See the MaineCare COVID-19 webpage for updates on the Coronavirus.
Check with your provider today—you may be able to see your doctor from the comfort of your own home.
What is telehealth?
Telehealth is the use of technology for health care appointments and services. It allows you to “see” your care provider without having to go to their office. Visits are covered by MaineCare, Medicare, and most insurance companies.
What kind of appointments can I have using telehealth?
Conversations with your doctor about your chronic health care, diagnosis and treatment of new illnesses, and other medical care
Physicals, mental health, substance use disorder treatment and some developmental disability services
Routine child check-ups and developmental services
How do I use telehealth?
Mobile apps, such as MD Live, FaceTime, WhatsApp, video chat, and Skype
Video conferencing platforms such as Zoom or WebEx
Patient portal message and telephone calls without video are considered "virtual health" visits
How do I ask for a telehealth appointment?
- Call your care provider and ask if you can use telehealth for your appointment. This may also be an option for your children’s health care needs.
- They will tell you about the best way to use telehealth for your appointment.
What if I don't have a smartphone or internet access?
Call your doctor and discuss options for your appointments. If you do not have a smartphone but have a computer, you may be able to do a telehealth visit on your computer. If you do not have a computer or internet access, you may be able to conduct your appointment over telephone with audio (voice) only.
If you need help with paying for your phone, cell minutes, or internet access, you can also apply for Lifeline, a federal program that’s available to help eligible individuals pay for their cell phone minutes and internet access.
How much data will this use?
Some face-to-face video chats can use a lot of data. Using WiFi can reduce the amount of cell phone data you use. If you have a limited amount of data, call your doctor’s office and discuss your options. There may be options that don’t use as much data, such as a phone call or sharing pictures and text, if necessary. You can also contact your phone carrier if you have questions on your data limits.
Do I have to use telehealth to see a doctor?
If it is an emergency, you should go to the Emergency Department. While many doctors are seeing patients in person, you lower your risk of being exposed to COVID-19 by using telehealth for non-emergency care, when possible. Talk with your doctor about the best way to get care for your health issues.
What if I need an interpreter?
An interpreter can be available during a telehealth visit, like they are for an in-person appointment. Your provider's office will contact you before your telehealth appointment to talk about what you need for the appointment and may ask if you need an interpreter. If they don't ask, you can request one. If your provider doesn't call or email you before your visit, you should call the office to request an interpreter.
Your provider will arrange to have the interpreter join your telehealth visit. You will see both your provider and your interpreter on your screen. If you are receiving care at a hospital or health clinic, the interpreter may join you in person or from another location. You can also talk with your provider about having your family member or friend join you as an interpreter if you prefer.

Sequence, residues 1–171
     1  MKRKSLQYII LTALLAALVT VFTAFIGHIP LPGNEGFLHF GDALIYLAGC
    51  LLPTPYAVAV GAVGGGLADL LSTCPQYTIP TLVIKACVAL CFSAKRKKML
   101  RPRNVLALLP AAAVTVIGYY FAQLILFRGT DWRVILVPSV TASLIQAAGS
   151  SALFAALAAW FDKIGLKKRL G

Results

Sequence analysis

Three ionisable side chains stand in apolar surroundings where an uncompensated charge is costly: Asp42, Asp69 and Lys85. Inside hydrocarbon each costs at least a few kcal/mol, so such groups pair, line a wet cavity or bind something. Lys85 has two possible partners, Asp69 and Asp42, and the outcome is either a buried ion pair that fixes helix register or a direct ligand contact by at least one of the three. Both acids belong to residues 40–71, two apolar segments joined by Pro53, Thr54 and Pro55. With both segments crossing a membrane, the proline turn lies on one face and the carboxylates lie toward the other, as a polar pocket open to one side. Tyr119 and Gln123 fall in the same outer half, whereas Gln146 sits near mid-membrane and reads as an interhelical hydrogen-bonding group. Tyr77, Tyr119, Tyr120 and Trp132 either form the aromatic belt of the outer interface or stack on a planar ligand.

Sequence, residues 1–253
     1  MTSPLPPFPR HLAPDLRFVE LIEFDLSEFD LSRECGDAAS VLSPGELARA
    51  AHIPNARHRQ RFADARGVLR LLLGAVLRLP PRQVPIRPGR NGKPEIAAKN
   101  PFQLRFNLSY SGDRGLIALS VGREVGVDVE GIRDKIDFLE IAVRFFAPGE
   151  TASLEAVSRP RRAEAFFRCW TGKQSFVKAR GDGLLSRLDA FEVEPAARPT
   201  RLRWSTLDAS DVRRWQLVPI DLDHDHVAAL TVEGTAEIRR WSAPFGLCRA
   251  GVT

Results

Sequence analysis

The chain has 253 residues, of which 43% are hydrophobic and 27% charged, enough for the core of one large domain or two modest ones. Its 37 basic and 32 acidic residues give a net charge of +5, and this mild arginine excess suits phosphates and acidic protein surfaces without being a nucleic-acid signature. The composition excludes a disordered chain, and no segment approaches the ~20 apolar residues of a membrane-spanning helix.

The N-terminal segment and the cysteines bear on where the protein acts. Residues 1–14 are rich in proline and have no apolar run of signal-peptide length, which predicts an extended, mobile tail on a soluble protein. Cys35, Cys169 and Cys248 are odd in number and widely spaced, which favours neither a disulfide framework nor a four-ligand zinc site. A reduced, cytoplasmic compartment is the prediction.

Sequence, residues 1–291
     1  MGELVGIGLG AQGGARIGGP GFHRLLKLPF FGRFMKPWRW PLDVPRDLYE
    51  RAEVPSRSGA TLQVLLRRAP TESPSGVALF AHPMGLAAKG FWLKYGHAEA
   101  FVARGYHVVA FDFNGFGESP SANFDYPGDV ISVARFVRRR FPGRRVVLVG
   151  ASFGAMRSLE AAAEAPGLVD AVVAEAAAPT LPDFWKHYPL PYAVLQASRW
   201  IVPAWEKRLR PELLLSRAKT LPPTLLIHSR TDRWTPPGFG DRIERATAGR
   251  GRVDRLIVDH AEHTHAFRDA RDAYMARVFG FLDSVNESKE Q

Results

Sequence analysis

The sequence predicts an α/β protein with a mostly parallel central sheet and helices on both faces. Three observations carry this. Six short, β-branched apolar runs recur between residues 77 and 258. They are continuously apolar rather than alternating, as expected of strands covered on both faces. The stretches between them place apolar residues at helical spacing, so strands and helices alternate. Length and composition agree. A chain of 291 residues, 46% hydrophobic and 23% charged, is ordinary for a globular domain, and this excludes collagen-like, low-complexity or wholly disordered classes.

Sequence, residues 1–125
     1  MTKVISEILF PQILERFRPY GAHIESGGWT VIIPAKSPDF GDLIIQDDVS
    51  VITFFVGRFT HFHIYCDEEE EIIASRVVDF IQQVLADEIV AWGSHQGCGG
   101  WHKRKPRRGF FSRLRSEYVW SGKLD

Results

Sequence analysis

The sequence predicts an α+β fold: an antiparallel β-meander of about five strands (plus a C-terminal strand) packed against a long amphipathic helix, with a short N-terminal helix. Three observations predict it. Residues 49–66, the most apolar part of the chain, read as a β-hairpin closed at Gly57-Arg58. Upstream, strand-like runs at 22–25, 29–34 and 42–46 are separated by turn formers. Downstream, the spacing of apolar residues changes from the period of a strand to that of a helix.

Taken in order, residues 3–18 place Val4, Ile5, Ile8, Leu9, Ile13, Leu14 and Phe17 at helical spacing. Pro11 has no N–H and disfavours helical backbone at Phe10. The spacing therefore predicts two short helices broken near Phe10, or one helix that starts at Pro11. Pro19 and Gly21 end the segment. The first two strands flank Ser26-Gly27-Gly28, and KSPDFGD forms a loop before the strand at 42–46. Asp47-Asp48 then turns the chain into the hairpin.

How can I be sure it's safe to use telehealth?
You should always be careful when using technology, whether it’s for health care, banking, or simply connecting with family and friends. Your privacy is very important to us and your healthcare provider.
There are some simple things you can do to help make sure that your telehealth visit is safe and secure:
- Ask your health care provider if the technology they are using is HIPAA-compliant – this means that it meets the federal government’s strict privacy and security standards. HIPAA-compliant technologies make it much more difficult for hackers to access your information, or get access to a telehealth visit uninvited.
- Make sure you are located in a private space before you start your telehealth visit and be sure your provider is also in a private space once you are connected via audio/video. A room with a door that can be closed is best to avoid interruptions and prevent others from hearing your discussion with your provider.
- Use a private network to connect to the internet, which is one that requires a password to join, such as your home network. Do not use public networks such as those at coffee shops or libraries to join a telehealth visit, as these are much less secure, and your information and privacy may be at risk.
To view this webpage as a document, see the Telehealth Questions and Answers (PDF).
- Northeast Telehealth Resource Center (NTRC) Telehealth Perspectives Video
- National Consortium of Telehealth Resource Center Consumer Handout (PDF)
- National Consortium of Telehealth Resource Center Patients Engaging in Telehealth (PDF)
- University of Hawaii and Pacific Basin Telehealth Resource Center Video - What to Expect from a Telehealth Visit?
- Telehealth @ Home – A Guidebook for People Who Will Receive Home-Based Telehealth Services
- Caravan Health – Patient Instructions for a Successful Telehealth Visit (PDF)
- Member Resources
- MaineCDC's COVID-19 Webpage
Call MaineCare Member Services with questions at 1-800-977-6740. TTY users dial 711.